IEA, in coordination with the evaluation offices of the Rome-based food and agriculture agencies (FAO, IFAD and WFP) jointly organized a technical seminar entitled “Enhancing the evaluability of Sustainable Development Goal 2: End hunger, achieve food security and improved nutrition and promote sustainable agriculture”, which took place on 17-18 November 2015 at IFAD Headquarters, in Rome.
The objective of the seminar was to contribute to a shared understanding of how SDG2 could be evaluated and identify actions needed to enable evaluations of SDG2 through the United Nations system and other international organizations or countries themselves.
Over 170 participants representing CGIAR, UN agencies, think tanks, universities, and donor agencies came together to participate in the two-day event, which was webcast and followed by more than 1600 people online. The presentations and break-out groups provided a space for intense and engaging discussions on coordinating efforts on enhancing the evaluability of SDG2, and advancing the future evaluation agenda, focusing on four thematic topic areas:
1: The relevance of ‘new metrics’ for the evaluation of SDG2 — data revolution and innovative approaches for capturing qualitative dimensions of human wellbeing
2: Partnerships and development actors — dealing with the increasing complexity of development processes and partnerships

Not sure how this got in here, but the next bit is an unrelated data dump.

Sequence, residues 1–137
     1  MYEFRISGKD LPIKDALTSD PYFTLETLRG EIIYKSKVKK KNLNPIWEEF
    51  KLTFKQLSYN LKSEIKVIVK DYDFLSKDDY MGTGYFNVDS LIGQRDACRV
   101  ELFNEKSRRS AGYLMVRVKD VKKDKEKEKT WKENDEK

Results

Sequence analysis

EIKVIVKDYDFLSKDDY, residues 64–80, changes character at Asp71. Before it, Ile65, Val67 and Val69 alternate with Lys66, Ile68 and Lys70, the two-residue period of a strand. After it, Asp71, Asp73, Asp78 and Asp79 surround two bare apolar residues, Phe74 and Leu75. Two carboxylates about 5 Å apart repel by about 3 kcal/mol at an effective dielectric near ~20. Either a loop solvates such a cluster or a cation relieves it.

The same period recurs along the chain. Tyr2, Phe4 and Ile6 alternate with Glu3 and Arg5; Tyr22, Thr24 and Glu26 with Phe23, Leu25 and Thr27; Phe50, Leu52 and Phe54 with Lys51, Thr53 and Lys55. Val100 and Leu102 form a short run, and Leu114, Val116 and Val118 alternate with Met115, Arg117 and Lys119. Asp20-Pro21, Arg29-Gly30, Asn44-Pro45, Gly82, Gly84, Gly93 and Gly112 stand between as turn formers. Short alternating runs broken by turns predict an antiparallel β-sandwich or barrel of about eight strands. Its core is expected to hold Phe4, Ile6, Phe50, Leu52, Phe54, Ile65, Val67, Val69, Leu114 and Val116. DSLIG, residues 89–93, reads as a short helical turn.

3: National M&E systems and data availability — building on the progress made and addressing existing (capacity) gaps
4: Demand for and use of evidence from evaluation — understanding the political economy of evidence and developing a joint evaluation agenda for SDG2.
One of the key issues that emerged from the seminar was the need to use evaluation as an agent of change. Participants highlighted the need to better understand the the inter-relationships between the SDGs devise a theory of change to evaluate developments being expressed in SDG2 in relation to other SDGs. The four Rome based agencies also agreed on promoting a better understanding of the evaluation needs based on the particular focus and expertise of each agency – from hunger reduction to agricultural sustainability, improved nutrition, and food security.